Wali’s Lonely Tribe
In Srinagar Psychiatrist Hospital, a 50-year-old woman calmly lying on her bed was asked about her health. In her dazed state, she asked her young attendant, “Mea kath chu doad” (What is my illness?)
The lines engraved in her face defined the agonizing pain inflicted upon her. Her heart was pounding, the blood pressure monitor showed the reading 156/100.
Syeda was shivering, and was restless.
A resident of Anantnag, Syeda has been suffering from dementia for the past 8 months.
A divorcee, she would mostly seek emotional refuge in her sister. Her departure, however, affected her mind.
She recognizes her family members and is closely bonded to her grandchildren, but she tends to forget names after every 10 minutes and obsessively gets her blood pressure checked.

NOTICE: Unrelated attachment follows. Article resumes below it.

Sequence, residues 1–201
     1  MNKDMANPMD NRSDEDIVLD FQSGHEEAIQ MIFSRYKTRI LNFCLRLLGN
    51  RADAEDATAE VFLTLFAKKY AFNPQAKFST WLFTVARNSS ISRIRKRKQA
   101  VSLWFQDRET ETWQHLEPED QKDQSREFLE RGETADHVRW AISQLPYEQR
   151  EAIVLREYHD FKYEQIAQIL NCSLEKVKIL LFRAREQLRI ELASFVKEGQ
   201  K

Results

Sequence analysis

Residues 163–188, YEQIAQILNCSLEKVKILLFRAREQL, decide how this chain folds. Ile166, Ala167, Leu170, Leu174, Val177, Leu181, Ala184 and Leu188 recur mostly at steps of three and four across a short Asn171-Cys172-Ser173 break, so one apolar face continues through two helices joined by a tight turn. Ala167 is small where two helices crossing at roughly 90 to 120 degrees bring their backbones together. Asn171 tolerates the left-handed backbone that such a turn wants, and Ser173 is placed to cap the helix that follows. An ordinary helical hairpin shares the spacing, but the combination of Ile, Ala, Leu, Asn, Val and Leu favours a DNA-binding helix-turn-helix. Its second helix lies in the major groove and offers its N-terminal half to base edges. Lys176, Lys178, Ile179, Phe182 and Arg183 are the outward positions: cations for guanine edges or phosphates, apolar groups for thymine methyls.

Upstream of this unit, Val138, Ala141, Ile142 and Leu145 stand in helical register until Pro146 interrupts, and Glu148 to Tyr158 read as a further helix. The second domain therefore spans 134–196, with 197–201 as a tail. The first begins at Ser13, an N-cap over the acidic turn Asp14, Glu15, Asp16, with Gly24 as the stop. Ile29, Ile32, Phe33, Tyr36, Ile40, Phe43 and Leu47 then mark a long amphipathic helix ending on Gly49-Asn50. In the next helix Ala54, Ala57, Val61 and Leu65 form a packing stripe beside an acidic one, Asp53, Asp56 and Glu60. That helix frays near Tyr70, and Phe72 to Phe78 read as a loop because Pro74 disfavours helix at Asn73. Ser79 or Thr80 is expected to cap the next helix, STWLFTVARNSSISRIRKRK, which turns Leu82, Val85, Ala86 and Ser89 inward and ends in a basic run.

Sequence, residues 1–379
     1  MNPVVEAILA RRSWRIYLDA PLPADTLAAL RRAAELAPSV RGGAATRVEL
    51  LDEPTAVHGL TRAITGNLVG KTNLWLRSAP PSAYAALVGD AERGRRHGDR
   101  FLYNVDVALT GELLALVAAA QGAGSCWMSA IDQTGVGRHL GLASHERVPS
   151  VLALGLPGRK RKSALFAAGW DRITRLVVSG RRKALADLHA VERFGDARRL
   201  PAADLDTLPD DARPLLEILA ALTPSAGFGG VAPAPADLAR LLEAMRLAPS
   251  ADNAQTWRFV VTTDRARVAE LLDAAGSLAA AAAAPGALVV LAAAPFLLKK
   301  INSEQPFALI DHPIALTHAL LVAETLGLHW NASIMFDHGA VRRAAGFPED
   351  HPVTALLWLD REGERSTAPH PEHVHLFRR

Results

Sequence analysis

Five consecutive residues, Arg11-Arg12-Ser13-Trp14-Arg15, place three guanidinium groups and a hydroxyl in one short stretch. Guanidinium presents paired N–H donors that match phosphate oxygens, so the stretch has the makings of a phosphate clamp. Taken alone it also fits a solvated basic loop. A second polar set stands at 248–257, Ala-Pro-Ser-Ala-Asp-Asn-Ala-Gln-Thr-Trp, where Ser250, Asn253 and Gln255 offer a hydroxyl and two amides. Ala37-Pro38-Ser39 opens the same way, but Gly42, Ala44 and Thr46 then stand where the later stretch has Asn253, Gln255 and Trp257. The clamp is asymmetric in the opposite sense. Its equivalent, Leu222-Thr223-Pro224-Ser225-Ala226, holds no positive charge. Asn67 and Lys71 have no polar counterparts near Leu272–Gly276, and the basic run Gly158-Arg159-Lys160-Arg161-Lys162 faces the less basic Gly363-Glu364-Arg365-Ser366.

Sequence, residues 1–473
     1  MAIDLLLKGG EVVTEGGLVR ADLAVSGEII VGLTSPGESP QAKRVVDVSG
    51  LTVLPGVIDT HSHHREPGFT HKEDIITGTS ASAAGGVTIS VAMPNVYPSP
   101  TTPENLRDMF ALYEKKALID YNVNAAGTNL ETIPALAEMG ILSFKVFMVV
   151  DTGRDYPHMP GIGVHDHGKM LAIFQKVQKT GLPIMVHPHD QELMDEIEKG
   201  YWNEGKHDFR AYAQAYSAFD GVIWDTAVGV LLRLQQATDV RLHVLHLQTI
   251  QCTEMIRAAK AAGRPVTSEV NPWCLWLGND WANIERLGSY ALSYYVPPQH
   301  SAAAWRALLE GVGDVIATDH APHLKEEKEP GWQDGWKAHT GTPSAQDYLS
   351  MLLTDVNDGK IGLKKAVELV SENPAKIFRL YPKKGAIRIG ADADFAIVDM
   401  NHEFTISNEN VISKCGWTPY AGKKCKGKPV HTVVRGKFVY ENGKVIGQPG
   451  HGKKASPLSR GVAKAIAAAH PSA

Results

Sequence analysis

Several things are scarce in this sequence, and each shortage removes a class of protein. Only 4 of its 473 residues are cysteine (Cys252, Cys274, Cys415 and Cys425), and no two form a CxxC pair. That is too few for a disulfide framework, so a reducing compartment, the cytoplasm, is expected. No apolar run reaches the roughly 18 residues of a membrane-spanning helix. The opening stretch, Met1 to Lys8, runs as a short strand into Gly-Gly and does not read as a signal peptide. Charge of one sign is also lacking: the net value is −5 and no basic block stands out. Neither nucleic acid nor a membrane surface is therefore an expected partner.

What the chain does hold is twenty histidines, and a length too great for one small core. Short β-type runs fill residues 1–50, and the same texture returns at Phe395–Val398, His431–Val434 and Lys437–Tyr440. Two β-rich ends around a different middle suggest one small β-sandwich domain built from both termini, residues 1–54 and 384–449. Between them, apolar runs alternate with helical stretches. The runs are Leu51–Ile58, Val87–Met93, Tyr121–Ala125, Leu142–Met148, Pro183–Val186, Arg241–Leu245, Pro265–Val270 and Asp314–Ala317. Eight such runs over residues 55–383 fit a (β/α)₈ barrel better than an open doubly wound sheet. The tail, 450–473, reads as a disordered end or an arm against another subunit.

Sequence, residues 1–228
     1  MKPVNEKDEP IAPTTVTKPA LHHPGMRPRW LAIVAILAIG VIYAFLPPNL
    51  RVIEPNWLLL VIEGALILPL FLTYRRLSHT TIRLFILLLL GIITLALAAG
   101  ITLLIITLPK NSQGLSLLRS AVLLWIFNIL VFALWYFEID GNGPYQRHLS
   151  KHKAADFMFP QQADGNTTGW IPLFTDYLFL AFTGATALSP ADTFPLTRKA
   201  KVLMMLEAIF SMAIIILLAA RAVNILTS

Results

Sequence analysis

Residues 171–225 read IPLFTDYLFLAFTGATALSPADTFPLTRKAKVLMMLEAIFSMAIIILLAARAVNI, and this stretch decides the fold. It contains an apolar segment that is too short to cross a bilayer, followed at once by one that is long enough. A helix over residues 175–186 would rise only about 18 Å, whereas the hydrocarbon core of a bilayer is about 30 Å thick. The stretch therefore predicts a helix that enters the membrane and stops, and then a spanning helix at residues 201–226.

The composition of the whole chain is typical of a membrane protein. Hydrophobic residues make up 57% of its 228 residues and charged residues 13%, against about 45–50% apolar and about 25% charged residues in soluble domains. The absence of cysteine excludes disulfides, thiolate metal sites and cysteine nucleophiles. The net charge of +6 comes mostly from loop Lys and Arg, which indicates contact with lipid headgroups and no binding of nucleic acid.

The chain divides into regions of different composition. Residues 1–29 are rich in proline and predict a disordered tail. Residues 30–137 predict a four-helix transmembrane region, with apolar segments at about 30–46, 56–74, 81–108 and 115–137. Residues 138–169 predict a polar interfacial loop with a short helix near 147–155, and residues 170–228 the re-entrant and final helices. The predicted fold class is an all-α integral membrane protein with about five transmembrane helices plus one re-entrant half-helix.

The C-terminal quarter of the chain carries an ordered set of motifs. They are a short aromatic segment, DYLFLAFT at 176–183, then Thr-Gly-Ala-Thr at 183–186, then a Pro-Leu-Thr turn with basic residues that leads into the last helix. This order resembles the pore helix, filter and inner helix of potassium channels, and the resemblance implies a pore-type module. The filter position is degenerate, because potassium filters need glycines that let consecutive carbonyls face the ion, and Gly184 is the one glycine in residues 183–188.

“Once an active lady who used to keep everyone in the family on toes now needs support for movement,” said her attendant.
Battling Alzeheimer’s disease, which is one of the most common types of dementia, Syeda’s memory issues started with her inability to comprehend or produce speech.
“Dementia robs you of everything that makes you who you are,” Dr. Sama Beg, a certified trainer on Alzheimer’s and related disorders, argues in her article.
“It steals your memories, your intelligence, your independence, your ability to think, to make decisions, to communicate, and to do the simplest of tasks. As humans, we pride ourselves on our intelligence – that God created us as the most gifted of living beings. The tragic irony is that the same intelligence we take pride in can be taken away with little warning in the form of this debilitating condition.”